Overall, 70% of all of the individuals with UC, CFS or psoriasis fed B. infantis 35624 for 6–8 weeks showed marked decreases in all three biomarkers. Despite the limitations of post hoc analysis, this finding supports the concept of B. infantis 35624 acting centrally, perhaps through increased numbers of regulatory T cells, to minimize pro-inflammatory activity in vivo. Furthermore, in the ex vivo studies, secretion of IL-6 and TNF-α from LPS-stimulated peripheral blood mononuclear cells (PBMCs) was significantly reduced by B. infantis 35624 feeding in healthy controls compared with placebo-fed controls.
There are limitations to this study: first, the n value for each clinical condition studied is relatively low; collectively, however, the message is consistent. While the numbers included were sufficient to demonstrate statistical significance for objectively measured biomarkers, larger patient populations would be required to demonstrate clinical efficacy. Second, only one daily dose of this microbe was studied and a dose-dependent anti-inflammatory effect was, therefore, not demonstrated. It is noteworthy in this respect, that many naturally occurring and even biologic agents, such as anti-TNF-α strategies, do not exhibit clear dose-response profiles.
In conclusion, oral administration of a single microbial agent, B. infantis 35624, was sufficient to reduce systemic inflammatory biomarkers in both gastrointestinal and extra-intestinal inflammatory disorders. This is consistent with the hypothesis that certain elements of the enteric microbiota can induce mucosal immunoregulatory responses that can exert an effect systemically.
Twenty-six male and female patients aged between 18 and 60 y with mild to moderate chronic plaque psoriasis with a psoriasis area severity index (PASI) < 16 were identified from the community by means of local advertising in newspapers and General Practice Clinics.
Twenty-two male and female patients aged between 18 and 75 y with mild to moderate active ulcerative colitis (UC) with a Clinical Activity Index Assessment (CAIA) score ≥ 3 were identified. Subjects were recruited from the inflammatory bowel disease (IBD) Clinic at Cork University Hospital. These subjects had a clinical diagnosis of UC confirmed by clinical, radiological and/or pathological evidence, and their level of disease activity required a change in treatment. All these patients were on the optimal dose of mesalazine (5-ASA) and remained on the same dose throughout the study.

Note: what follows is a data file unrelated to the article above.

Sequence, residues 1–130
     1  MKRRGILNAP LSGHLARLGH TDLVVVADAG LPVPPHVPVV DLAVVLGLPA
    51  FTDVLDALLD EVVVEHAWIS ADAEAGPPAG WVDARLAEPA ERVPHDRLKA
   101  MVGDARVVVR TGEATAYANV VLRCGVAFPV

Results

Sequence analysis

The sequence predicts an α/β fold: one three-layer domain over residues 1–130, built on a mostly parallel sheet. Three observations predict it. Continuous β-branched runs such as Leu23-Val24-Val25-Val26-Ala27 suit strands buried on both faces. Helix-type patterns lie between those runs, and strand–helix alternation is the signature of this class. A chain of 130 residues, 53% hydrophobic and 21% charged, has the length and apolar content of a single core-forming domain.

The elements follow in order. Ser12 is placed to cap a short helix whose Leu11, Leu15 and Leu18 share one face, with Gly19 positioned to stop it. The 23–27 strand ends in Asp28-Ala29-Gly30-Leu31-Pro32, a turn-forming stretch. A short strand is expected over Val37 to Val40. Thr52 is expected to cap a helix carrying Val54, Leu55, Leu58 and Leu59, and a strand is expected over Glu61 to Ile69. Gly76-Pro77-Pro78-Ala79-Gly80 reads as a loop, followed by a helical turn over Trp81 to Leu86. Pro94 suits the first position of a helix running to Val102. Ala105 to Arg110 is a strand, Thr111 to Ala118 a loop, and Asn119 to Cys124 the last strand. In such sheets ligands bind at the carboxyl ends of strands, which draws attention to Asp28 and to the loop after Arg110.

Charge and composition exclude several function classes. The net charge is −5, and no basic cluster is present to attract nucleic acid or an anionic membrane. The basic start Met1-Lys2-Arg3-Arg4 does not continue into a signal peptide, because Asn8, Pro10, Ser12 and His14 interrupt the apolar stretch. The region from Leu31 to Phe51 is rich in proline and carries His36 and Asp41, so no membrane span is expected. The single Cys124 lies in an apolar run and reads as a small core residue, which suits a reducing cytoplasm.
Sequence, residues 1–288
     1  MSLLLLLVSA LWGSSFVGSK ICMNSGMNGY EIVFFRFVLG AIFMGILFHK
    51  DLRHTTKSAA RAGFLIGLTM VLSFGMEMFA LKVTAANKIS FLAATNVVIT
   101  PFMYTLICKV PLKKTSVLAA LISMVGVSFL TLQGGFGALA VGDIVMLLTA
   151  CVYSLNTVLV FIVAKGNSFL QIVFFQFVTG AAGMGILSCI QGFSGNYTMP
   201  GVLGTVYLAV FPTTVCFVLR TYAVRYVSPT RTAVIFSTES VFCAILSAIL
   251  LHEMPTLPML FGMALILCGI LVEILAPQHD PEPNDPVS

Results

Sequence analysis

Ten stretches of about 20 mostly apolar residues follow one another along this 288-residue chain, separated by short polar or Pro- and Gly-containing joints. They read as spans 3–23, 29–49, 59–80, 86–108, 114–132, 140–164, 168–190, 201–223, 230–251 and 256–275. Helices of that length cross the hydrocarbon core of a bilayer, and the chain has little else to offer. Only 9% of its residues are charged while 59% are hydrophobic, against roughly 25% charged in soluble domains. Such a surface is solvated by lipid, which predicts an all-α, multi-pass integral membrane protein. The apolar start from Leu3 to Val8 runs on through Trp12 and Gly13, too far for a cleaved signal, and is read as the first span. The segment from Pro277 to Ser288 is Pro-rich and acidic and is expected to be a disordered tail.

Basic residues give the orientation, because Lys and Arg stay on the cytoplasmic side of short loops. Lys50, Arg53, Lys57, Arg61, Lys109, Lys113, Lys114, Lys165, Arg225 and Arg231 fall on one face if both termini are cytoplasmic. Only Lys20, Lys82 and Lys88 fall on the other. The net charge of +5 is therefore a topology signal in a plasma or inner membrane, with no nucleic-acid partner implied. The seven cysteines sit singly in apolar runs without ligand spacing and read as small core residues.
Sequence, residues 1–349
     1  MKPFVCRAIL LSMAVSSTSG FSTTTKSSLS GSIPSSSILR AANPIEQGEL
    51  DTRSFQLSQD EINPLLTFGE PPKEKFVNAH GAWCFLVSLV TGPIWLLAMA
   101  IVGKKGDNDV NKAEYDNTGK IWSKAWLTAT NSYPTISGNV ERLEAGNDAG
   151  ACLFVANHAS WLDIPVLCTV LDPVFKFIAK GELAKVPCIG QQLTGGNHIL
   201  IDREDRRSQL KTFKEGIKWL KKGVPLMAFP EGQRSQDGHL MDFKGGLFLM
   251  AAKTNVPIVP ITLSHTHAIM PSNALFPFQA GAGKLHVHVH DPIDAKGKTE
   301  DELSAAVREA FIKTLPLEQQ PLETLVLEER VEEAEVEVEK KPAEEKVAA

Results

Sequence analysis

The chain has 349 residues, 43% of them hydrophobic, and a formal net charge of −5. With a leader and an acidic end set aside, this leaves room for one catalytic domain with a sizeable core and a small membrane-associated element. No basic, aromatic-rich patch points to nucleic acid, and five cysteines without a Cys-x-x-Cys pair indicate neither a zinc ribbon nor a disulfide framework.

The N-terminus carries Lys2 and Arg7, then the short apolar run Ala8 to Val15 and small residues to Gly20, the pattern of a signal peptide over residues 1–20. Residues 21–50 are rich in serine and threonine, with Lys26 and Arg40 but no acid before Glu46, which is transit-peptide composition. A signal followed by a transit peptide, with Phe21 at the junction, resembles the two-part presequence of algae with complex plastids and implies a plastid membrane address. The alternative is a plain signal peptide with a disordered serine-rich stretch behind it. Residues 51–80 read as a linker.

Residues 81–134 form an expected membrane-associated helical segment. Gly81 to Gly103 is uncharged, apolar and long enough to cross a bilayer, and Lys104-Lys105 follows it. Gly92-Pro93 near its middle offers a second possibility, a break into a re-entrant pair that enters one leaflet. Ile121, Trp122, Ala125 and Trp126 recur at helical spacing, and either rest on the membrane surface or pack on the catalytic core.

Patients with chronic fatigue syndrome (CFS) meeting the criteria outlined by the Centers for Disease Control (CDC) were recruited from gastroenterology and rheumatology clinics at Cork University Hospital. A total of 48 female patients between 18 and 65 y of age were selected. Those who had other diseases of the gastrointestinal tract, including inflammatory bowel disease (IBD) and clinically significant systemic diseases, individuals diagnosed with lactose intolerance or immunodeficiency, individuals who had undergone any abdominal surgery (with the exception of hernia repair and appendectomy), and those with a psychiatric illness were excluded. The diagnosis of CFS was made using the 1994 Centers for Disease Control and CFS International Study Group diagnostic criteria.54 The international criteria are based on the fulfillment of two major criteria: CFS causing incapacity, lasting more than 6 mo, and the exclusion of associated medical and psychiatric conditions, as well as the concurrence of a series of symptom-based criteria, particularly rheumatologic and neuropsychological symptomatology.
35 healthy volunteers (25 female) aged between 18 and 65 were recruited by direct advertisement on the university campus and in a local newspaper. These subjects had no evidence of gastrointestinal tract disease, including irritable bowel syndrome (IBS) and inflammatory bowel disease (IBD), and were also free of any clinically significant systemic diseases including psoriasis and chronic fatigue syndrome. These 35 subjects were used as baseline references for the patients with inflammatory conditions. Twenty-two of the healthy adults were randomized to receive Bifidobacterium infantis 35264 (n = 10) or placebo (n = 12) for eight weeks.